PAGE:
The Cross: What do we bring to the Cross this Holy Week 2024?

Mar 29, 2024
The cross symbolising the sacrifice and suffering of Jesus Christ, the crown of thorns and the sunset background

The Cross speaks to us of how we find God in places where compassion is needed.

Those places in our own hearts and circumstances where we feel most lost; those places of our deepest grief and regret.

The Cross speaks to us of the presence of God, full of compassion and One from whom nothing can separate us, ever.

Hence, in the deep days of Holy Week, we are invited to ask, liturgically and personally, what it is we bring to the Cross for God’s grace and peace…for understanding, forgiveness and reconciliation; for a new beginning.

I bring quietly the people in our community for whom I have cared, amidst their recent difficulties.

And specifically, I bring all that is evoked this Holy Week 2024 when we ‘pray for the peace of Jerusalem’.

Nearly 180 days on, sharing this ever so briefly, I pray for the parents in Jerusalem who’s youngster was at that October 7 Music Festival and was taken hostage, his arm blown off by a grenade.

I pray with them, as a parent and grandparent myself, as they wait and wait for news as to whether their beloved child is alive or dead.

Likewise, I pray for the dad in Gaza who’s little boy asked for something sweet as they sheltered at home. He took the risk and went out in search of something sweet, came back to find a bomb had destroyed his home, killed all his family. There he was, holding the bag of sweets, weeping ..weeping and weeping.

I pray for the many whose stories are similarly so poignant and who feel so fearful about the future.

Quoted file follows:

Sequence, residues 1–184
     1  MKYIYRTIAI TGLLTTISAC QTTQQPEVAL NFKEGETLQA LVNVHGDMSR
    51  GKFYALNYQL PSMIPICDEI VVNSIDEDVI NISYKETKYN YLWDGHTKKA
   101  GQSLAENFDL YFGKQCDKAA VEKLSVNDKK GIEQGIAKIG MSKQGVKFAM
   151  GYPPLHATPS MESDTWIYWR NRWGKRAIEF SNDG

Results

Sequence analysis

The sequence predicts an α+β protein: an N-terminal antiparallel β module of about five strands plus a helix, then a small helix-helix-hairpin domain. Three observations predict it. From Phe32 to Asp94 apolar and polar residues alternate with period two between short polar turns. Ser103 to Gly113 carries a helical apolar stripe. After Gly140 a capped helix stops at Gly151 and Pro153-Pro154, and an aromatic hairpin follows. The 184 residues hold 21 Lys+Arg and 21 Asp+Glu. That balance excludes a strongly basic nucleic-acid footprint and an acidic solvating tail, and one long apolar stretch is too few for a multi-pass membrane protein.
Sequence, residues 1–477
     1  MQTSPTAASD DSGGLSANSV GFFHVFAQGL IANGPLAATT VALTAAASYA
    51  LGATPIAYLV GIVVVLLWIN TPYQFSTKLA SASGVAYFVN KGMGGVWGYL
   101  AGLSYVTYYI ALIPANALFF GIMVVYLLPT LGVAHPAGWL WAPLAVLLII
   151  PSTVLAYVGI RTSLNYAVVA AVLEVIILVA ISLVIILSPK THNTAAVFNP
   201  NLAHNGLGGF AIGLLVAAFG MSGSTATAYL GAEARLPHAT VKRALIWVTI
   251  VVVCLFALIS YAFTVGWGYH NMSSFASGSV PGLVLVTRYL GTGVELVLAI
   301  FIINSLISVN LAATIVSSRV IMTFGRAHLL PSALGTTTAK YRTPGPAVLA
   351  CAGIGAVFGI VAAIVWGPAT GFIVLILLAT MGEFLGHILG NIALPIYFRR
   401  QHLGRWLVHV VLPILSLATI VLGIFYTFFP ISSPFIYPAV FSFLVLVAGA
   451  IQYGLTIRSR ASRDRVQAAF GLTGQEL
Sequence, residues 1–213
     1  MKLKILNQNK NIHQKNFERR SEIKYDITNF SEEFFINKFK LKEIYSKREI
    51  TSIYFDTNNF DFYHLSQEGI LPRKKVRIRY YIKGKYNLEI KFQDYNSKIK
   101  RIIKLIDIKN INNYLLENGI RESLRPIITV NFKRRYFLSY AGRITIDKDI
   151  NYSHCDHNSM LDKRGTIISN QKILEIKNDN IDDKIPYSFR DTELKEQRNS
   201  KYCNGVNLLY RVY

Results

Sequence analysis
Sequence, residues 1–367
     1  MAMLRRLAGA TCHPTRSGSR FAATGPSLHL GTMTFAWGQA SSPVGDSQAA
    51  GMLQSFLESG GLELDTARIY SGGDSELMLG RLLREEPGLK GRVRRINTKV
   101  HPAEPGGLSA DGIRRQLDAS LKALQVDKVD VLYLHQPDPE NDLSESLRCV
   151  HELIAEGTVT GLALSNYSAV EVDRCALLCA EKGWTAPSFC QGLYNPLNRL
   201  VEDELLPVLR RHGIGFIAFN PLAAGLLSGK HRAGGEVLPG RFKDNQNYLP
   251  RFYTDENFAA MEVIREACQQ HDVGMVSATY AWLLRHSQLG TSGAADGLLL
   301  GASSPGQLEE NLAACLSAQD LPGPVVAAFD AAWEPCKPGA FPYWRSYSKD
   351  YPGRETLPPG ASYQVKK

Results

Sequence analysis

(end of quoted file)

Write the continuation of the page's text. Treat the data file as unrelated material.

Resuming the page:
I pray for the children, robbed of childhood’s enchantment, even of life.

I pray for those, now so tired, who try to find a way to end this terrible suffering through diplomatic negotiations, immense partisan pressure coming at them.

I pray for the vivid ones of our Government and of the United Nations.

Likewise, I pray for those about whom I learn more…Anthony Blinken, US Secretary of State, whose grandpa fled from Russian pogroms and whose stepfather survived Auschwitz and Dachau. Ageing before our eyes, as his shuttle diplomacy continues.

I pray for my Jewish and Muslim friends here. We have shared many good and positive times together.

Trying to embody the friendship of God for all, I pray for them, accepting from them that little is currently possible together, sadly…Hoping they are not disappointed in me; wishing they did not feel so alone.

I pray too for those in the Holy Land who we know are praying and working ‘for the peace of Jerusalem.’

This and more I bring to the Cross in these poignant days.

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